The Price of Two Sparrows by Christy Collins, Review

The Price of Two Sparrows by Christy Collins is a thought-provoking and perceptive examination of multicultural Australia. Read on for my full review.

The Price of Two Sparrows by Christy Collins Book Review

The Price of Two Sparrows Synopsis

Heico is an ornithologist fighting a losing battle to protect the birds in his beachside suburb. When a journalist asks for comment on a planned development, Heico exaggerates his reports on how many migratory birds use the site. Soon it is revealed that the proposed building is a mosque, and he finds himself embroiled in community resistance to the project. Still, he refuses to back down.

Nahla, Heico’s house cleaner, is trying to find her place in a new country and a new marriage. Isolated and lonely, she sees the mosque as a symbol of what she hopes to find in Australia: community, familiarity, acceptance. But as resistance to the project intensifies, she must summon the courage and the language to claim her space in this new life.

Piercingly clear-eyed and deeply insightful, The Price of Two Sparrows explores what we hold sacred and why. It delicately picks apart questions of community and prejudice, religion and nature in the modern world. This is a beautiful and thought-provoking debut from an award-winning Australian writer.

(Affirm Press, January 2021)

Genre: Literature, Drama

Disclosure: If you click a link in this post and make a purchase, I may earn a small commission.

BOOK REVIEW

Having greatly admired the quiet artistry Christy Collins displayed in her award-winning novella The End of Seeing, I was eager to learn what subject matter she would tackle in her debut full-length novel.

The issues explored within The Price of Two Sparrows are ones many would, and perhaps should, avoid tackling. But I knew it was safe in this author’s very capable hands.


Source: Affirm Press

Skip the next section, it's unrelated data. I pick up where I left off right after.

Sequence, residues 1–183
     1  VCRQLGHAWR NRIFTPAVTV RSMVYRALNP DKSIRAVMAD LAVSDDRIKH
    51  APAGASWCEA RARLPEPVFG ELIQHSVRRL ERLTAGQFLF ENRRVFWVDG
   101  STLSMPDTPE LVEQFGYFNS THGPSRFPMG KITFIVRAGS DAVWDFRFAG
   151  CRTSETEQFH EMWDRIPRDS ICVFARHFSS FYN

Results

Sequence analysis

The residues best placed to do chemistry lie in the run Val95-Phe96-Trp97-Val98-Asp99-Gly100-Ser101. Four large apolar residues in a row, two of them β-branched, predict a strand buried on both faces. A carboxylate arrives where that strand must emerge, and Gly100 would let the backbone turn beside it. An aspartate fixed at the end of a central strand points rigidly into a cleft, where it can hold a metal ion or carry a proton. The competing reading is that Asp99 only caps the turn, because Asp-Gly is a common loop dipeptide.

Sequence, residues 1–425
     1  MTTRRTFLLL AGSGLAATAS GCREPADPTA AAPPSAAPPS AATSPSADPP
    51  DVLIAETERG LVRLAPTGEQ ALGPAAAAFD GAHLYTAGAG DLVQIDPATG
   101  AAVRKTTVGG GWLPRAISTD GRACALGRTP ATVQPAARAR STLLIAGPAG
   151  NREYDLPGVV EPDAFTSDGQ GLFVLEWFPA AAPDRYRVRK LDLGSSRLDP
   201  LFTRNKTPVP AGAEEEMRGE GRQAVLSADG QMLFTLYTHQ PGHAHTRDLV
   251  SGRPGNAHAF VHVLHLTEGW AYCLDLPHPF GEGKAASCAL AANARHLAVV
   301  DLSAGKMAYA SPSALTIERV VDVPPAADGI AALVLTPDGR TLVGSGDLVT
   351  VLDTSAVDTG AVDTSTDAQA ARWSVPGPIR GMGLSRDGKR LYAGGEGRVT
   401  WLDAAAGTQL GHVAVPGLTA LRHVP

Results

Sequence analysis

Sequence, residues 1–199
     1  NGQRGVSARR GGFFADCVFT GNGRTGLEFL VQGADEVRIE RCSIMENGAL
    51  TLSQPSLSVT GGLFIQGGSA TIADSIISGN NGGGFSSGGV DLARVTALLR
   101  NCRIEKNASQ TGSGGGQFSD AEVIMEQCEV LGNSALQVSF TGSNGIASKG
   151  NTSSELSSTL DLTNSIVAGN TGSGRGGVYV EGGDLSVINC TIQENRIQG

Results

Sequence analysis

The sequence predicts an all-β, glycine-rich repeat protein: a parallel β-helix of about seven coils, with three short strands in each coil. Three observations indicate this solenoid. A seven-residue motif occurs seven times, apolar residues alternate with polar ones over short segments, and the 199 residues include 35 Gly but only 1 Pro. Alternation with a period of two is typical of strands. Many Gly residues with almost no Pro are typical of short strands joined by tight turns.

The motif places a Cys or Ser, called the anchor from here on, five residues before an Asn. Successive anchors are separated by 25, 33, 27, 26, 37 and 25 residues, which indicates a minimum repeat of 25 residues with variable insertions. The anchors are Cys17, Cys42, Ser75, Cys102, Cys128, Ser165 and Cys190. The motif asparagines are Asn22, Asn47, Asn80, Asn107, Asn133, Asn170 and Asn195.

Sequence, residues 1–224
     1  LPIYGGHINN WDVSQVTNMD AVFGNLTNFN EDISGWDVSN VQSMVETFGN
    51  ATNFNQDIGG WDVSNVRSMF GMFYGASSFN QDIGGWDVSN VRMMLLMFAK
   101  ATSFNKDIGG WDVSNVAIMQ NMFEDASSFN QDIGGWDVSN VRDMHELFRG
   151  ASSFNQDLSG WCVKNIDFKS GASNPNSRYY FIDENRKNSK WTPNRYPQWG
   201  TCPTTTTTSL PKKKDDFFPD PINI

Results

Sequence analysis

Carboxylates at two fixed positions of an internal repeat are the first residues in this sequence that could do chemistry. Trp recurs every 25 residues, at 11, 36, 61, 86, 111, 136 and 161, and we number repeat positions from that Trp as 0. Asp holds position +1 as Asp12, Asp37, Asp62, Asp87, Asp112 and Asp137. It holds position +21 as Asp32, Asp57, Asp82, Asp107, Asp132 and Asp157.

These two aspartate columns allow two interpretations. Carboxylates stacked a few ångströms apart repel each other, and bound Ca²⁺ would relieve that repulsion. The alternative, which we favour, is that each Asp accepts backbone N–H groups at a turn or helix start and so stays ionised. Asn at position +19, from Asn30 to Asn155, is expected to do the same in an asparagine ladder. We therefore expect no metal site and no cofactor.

In The Price of Two Sparrows, Collins depicts historical (and societal) context and progression with lists of actual news headlines of the time at the start of chapters, and then swiftly eschews these for intimate first-person narrative viewpoints, authentically flawed moments and introspection. The juxtaposition is striking and the opportunity to walk in another’s shoes highly thought-provoking.

Characters and readers alike are forced to acknowledge that very little in life is black and white, interrogate the basis of their views and reflect upon their underlying motivations.

This text is littered with bird simile, metaphor and literary references along with haunting echoes of displacement and powerlessness. But their judicious and insightful utilisation imbues a sense of intimacy between characters and interconnectedness with nature. The effect is accessibility and thematic resonance rather than decadence; belief in our capacity for greater self-awareness and understanding rather than hopelessness.

‘There is a saying, I think,’ said the Imam. ‘Live and let live?’
Heico nodded.
The Imam looked at Heico calmly. ‘I am not very much a believer in that. This country does not really belong to any of us – we are all just passing through. We need to do more than let each other live. We need to want each other to thrive.’

As in Christy Collins’ previous work, the lasting gut-punch moments for readers of The Price of Two Sparrows and indeed the characters within it, are borne from the simplest of actions and words softly spoken rather than shouted.

BOOK RATING: The Story 4 / 5 ; The Writing 4 / 5

Get your copy of The Price of Two Sparrows from:

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More The Price of Two Sparrows reviews

‘A deeply empathetic novel. Collins has created something special here.’ – Toni Jordan

‘A beautiful and timely literary flight.’ – Katherine Johnson

‘An elegantly structured study of migration and community in Australia … Reminiscent of The Slap in its thematic echoing … this novel would be well suited to a thoughtful book club or an Australian literature syllabus.’ – Books+Publishing

About the Author, Christy Collins

Christy Collins has worked in the Netherlands and Australia in roles in research, higher education and academic publishing. Her novella The End of Seeing won the Viva La Novella Prize 2015 and is published by Seizure. She has recently completed a PhD in Creative Writing at the University of Tasmania and was a 2017 Asialink resident in Sapporo, Japan.

This review counts toward my participation in the Aussie Author Challenge 2021 and the 2021 Australian Women Writers Challenge.

* Receiving an advanced review copy from the publisher did not impact the expression of my honest opinions above.

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